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# cast to bytes

Jean John
Greenhorn
Posts: 24

The output is

Value of a:127

Value of b:-128

Value of c:0

I understand that casting is required after 8 bits for a byte variable and the first bit is the sign. so -128 to 127 is allowed for a byte.

I didn't get how the 128 got cast to -128 and 256 to zero.
Can someone explain the cast that happened for the variable b and c as in how the bits got clipped.

Thanks,
Jean

Stephan van Hulst
Bartender
Posts: 6323
78
• 1
Casting to a smaller integer type always just hacks off the most significant bytes.

128 in binary is 0000 1000 0000. When you lop off the first three bytes, you're left with 1000 0000, which is -128.

256 in binary is 0001 0000 0000. When you lop off the first three bytes, you're left with 0000 0000, which is 0.

Campbell Ritchie
Sheriff
Posts: 50233
79
• 3
Get the Integer class to print the binary representation of those three numbers. There is a method which converts them to a binary String, unfortunately without leading 0s. You will see they are
0000_0000_0000_0000_0000_0000_0111_1111 = 127
0000_0000_0000_0000_0000_0000_1000_0000 = 128
0000_0000_0000_0000_0000_0001_0000_0000 = 256

Now you cast, which deletes the higher-order 24 bits. And you get ...
0000_0000_0000_0000_0000_0000_0111_1111 = 127
0000_0000_0000_0000_0000_0000_1000_0000 = -128
0000_0000_0000_0000_0000_0001_0000_0000 = 0

Remember you only take the lowest-order 8 bits for a byte.

Jesper de Jong
Java Cowboy
Saloon Keeper
Posts: 15484
43
• 1
To understand exactly how this works, you have to understand that a byte in Java is an 8-bit signed integer that is stored in two's complement format. Because of this, the range of values that can be stored in a byte goes from -128 to +127.

If you have an integer value that is outside of this range and you cast it to byte, then the higher bits will be cut off the value and the lower eight bits will be interpreted as a byte. Let's look at what this means for the values you tried:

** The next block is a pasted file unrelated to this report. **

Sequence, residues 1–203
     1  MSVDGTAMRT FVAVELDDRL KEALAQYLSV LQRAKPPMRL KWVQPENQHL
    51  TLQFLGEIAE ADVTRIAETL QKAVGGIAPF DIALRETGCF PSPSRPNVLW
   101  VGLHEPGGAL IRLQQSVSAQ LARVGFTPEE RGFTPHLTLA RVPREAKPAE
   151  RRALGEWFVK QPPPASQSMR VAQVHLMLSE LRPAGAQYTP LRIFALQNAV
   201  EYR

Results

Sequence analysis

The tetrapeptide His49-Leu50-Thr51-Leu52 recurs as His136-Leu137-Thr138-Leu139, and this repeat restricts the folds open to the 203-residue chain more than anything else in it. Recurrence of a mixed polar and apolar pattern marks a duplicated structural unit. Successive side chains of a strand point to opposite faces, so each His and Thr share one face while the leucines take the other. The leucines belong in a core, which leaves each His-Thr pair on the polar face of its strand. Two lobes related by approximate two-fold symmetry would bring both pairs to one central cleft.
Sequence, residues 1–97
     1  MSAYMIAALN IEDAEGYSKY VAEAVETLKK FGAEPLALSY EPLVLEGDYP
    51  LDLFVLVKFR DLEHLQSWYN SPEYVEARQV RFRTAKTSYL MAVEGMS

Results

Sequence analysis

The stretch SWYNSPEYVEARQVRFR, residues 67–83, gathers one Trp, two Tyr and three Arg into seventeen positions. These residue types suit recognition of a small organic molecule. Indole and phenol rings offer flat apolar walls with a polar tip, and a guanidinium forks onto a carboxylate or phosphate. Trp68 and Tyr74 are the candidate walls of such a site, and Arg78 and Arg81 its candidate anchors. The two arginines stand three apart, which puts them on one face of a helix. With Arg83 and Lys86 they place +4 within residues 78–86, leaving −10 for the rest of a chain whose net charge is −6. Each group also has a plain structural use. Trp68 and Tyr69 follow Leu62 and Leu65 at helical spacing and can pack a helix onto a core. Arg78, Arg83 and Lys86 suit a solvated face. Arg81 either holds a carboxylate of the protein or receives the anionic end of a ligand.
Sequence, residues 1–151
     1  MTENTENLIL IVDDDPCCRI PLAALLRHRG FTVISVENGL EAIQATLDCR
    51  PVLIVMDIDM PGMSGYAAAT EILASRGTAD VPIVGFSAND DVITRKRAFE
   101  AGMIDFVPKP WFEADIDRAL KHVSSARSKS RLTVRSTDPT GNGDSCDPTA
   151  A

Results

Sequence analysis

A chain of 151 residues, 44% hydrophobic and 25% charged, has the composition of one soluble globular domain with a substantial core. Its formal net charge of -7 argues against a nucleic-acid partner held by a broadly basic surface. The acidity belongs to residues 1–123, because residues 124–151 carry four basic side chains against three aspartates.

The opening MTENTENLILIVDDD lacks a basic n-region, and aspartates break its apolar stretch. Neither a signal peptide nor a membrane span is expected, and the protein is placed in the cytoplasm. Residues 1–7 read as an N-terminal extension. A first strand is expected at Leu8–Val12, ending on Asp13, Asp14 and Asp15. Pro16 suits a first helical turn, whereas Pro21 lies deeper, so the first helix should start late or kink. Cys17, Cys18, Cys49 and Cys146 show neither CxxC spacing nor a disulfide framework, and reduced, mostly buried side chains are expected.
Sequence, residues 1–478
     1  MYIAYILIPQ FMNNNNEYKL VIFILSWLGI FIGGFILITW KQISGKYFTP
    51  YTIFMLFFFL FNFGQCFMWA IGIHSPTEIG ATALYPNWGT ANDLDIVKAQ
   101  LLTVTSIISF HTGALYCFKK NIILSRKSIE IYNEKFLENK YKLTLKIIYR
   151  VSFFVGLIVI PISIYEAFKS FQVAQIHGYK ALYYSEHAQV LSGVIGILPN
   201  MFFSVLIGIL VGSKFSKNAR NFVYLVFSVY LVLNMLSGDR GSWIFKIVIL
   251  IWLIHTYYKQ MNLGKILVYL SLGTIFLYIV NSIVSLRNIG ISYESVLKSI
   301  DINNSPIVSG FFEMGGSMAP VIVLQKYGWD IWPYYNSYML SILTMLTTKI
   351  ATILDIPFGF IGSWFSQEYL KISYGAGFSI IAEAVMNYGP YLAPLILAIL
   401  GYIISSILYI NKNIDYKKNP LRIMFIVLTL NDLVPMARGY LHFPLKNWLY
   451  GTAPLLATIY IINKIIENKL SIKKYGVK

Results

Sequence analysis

127 = 0000 0000 0000 0000 0000 0000 0111 1111 -> take lower 8 bits: 0111 1111 -> fits in the range of byte, so this will remain 127

128 = 0000 0000 0000 0000 0000 0000 1111 1111 -> take lower 8 bits: 1111 1111 -> when interpreted as a byte in two's complement, this is -128

256 = 0000 0000 0000 0000 0000 0001 0000 0000 -> take lower 8 bits: 0000 0000 -> zero

Ralph Cook
Ranch Hand
Posts: 479
128 decimal is 1000 0000 binary. The highest-order bit in a signed integer is the sign, 1 for negative, 0 for positive. So you have a negative flag, but 0s in the rest of the byte. This is not a legal value in a byte, so having it print out -128 comes under the heading of "unpredictable result".

I expect what happened is that the conversion routine performed a "two's complement" on the lowest 8 bits of the value; reversing all the bits and then adding one, which in this case gives you back the same 1000 0000 value. This represents 128 in a larger integer. Then it looked at the sign to determine that you had a negative integer.

256 decimal is 1 0000 0000 binary. I expect that, in this case (as in the other case), the conversion routine first eliminated all bits past the 8th position, leaving it with 0.

You haven't asked this, but keep in mind that casting is an operation that often bypasses normal checks and produces unpredictable results. You are telling the compiler that you know what you're doing; it is just to treat this value as though it were a legal instance of the type that you're telling it. It is up to the programmer, in this case, to check things like the legality of the values being cast. Neither 1000 0000 nor 1 0000 0000 are legal values to cast to byte.

rc

edit: slight mistake; 1000 0000 is legal in a byte as -128, but casting a larger integer with 0000 0000 1000 0000 to byte does not give you the same value as the larger integer had, because the '1' is in a position that means a different thing in a byte representation.

Rob Spoor
Sheriff
Posts: 20667
65
It all works with how bytes, ints etc are represented as bits.